Lets say i need to master these two topics (1 and 2). What do i need to do to accomplish that skill? if there are some books for intermediates that actually teach that stuff with practical scenarios and case studies then please suggest some.

I don't think there are any single books that combine both topics at the same time.

I'm not fond of our home-grown asynch system as I think it should have been replaced with a much more sturdy framework such as BizTalk. If you need your messages to get there, and guarantee that they get there once and only once, you ought to look into message queuing (MSMQ, MQ or BizTalk). BizTalk excels at converting one XML schema to another (as one common usage is transforming one set of XML to others - including EDI).

share|improve this answer
    
Thanks a lot for this detailed info. Probably that is what i picture in my mind. Much appreciated. –  Steve Johnson Dec 23 '10 at 16:08
add comment

AJAX (Asynchronous JavaScript and XML) describes both of your bullet points. So it might have been better for the job description to say that outright. XSLT and XPath are just ways to use/structure/interact with the XML DOM.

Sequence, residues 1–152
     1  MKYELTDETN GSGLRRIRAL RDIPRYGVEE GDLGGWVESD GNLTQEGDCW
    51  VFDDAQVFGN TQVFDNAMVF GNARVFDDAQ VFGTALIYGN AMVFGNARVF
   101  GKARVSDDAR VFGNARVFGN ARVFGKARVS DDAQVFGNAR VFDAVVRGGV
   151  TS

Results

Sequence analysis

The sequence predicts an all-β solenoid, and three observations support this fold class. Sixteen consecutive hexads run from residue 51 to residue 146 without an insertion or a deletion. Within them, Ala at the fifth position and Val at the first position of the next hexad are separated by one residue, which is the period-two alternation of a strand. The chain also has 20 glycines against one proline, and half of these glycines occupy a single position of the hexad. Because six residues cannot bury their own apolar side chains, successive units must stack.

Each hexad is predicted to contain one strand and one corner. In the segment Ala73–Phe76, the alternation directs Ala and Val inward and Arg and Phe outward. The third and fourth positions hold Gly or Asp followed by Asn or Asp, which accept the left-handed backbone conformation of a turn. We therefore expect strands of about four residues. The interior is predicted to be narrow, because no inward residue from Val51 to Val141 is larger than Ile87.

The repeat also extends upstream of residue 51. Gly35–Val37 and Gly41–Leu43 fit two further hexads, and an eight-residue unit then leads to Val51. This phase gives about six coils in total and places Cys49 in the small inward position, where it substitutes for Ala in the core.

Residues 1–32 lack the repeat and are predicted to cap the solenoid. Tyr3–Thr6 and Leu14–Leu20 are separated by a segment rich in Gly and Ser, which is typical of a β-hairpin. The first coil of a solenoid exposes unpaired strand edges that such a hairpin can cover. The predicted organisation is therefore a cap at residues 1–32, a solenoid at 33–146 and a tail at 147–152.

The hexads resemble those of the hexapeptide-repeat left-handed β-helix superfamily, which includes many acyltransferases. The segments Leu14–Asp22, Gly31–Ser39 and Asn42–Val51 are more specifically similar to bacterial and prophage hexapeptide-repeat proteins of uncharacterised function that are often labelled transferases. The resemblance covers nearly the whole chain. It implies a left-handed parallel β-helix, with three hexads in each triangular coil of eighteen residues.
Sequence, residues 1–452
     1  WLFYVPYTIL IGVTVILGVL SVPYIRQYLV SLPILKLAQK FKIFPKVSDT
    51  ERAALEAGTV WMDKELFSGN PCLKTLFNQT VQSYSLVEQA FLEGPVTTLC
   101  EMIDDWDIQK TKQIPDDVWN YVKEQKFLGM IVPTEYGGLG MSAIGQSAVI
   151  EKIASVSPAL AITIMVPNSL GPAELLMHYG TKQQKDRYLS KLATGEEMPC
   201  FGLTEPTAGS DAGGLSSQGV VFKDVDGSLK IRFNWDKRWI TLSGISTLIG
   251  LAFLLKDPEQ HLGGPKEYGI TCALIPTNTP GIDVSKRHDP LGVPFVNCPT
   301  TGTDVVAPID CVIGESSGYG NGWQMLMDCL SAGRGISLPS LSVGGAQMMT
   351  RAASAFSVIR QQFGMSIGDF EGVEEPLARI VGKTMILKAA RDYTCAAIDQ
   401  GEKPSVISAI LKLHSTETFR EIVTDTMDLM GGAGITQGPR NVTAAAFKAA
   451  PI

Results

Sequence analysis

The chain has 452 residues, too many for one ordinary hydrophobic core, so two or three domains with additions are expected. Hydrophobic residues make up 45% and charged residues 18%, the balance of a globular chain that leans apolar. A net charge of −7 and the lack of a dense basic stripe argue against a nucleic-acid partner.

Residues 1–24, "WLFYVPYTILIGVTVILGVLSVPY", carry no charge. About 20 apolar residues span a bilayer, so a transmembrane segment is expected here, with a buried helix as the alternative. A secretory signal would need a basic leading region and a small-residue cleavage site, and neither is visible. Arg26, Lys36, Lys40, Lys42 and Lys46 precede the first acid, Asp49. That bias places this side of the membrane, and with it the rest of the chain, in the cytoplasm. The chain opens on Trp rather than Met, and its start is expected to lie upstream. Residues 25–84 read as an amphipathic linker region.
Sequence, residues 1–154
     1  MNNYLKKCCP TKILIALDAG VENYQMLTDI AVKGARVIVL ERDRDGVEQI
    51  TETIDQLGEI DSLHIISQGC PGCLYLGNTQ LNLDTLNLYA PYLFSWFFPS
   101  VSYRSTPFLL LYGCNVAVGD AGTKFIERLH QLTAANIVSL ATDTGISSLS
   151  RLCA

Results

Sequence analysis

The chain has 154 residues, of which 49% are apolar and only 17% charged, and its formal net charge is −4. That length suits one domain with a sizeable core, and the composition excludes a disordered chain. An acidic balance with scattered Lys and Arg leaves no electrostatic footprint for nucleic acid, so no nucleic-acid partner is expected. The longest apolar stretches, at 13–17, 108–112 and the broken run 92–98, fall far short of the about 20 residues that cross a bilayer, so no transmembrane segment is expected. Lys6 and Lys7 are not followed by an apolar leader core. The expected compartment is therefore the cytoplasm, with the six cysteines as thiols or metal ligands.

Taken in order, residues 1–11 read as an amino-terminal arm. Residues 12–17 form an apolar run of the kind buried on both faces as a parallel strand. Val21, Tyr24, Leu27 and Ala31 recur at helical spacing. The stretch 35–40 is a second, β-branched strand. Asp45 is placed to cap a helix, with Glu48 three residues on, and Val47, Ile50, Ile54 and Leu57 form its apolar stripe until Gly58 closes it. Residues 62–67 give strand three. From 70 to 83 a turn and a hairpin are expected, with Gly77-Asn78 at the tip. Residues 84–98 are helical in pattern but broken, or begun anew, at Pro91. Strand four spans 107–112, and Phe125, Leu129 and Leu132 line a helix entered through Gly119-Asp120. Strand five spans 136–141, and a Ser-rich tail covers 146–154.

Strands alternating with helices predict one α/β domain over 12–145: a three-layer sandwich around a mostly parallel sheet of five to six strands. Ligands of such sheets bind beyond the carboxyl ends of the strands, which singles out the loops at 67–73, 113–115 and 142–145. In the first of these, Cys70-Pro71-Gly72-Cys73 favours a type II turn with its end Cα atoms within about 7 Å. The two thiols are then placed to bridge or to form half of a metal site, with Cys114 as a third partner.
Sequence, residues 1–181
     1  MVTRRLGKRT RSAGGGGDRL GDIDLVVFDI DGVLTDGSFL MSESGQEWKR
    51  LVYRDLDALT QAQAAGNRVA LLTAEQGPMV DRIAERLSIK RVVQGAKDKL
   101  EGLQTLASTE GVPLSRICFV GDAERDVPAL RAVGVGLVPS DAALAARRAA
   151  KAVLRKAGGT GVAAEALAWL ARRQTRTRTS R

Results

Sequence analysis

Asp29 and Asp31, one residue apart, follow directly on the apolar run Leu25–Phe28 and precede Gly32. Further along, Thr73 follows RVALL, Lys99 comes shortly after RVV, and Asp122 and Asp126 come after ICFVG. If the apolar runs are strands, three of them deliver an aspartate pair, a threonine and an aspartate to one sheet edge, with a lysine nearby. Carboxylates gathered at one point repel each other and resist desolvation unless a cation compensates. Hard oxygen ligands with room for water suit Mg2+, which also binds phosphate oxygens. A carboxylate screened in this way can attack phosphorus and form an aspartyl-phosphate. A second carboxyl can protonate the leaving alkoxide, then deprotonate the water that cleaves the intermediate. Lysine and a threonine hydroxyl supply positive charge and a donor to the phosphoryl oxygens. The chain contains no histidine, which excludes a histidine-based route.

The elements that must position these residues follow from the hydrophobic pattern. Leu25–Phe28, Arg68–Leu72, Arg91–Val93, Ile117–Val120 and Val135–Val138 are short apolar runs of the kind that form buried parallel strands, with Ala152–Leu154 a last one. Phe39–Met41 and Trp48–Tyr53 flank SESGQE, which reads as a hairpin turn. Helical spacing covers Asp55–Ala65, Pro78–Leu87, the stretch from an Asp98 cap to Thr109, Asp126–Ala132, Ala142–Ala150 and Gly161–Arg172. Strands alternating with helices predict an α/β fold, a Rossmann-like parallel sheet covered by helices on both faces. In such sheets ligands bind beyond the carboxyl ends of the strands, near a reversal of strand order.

When a C#.Net Developer-job is advertised saying, "the following skill is required as mentioned in 1 and 2", then what does it actually mean?

Sounds like they're gearing towards someone to write a web application, namely a C# web service. Given the 2 strong implications, this position looks like it'll have a lot of responsibility.

Lets say i need to master these two topics (1 and 2). What do i need to do to accomplish that skill?

I'm not a .NET developer, but here is a source I would go to if I were switching languages:

Short answer: Web services are an advanced topic since essentially it's an API (Application Programming Interface) -- so it's crucial the person who writes the API has ample development experience since it will be used by other developers (which we'll use to interact ).

share|improve this answer
    
I especially like the "Short answer" ! –  Guillaume Dec 23 '10 at 12:03
add comment

I'd take anything in a computer job description written by an non-technical HR person with a grain of salt (if not an entire shaker of the stuff).

"Asynchronous" in this context is nebulous. It could mean "non-blocking I/O" or "multithreaded". For all you know, they might be putting Ajax on there for buzzword value and then putting asynchronous also on there when they're meaning the exact same thing.

Perhaps the XSLT part is for view-layer transformations. Or perhaps they're taking raw SOAP calls and transforming them into JSON on the fly using XSLT. Or maybe it's just another buzzword they thought to put on the requirement list.

share|improve this answer
    
I agree with you 100%. If there were a way of marking two answers as Answer then I would have marked your answer as Answer as well. Thanks a lot for clearing the doubt in my mind. Very sound answer. Very Much appreciated. –  Steve Johnson Dec 23 '10 at 16:09
add comment

Your Answer

 
discard

By posting your answer, you agree to the privacy policy and terms of service.

Not the answer you're looking for? Browse other questions tagged or ask your own question.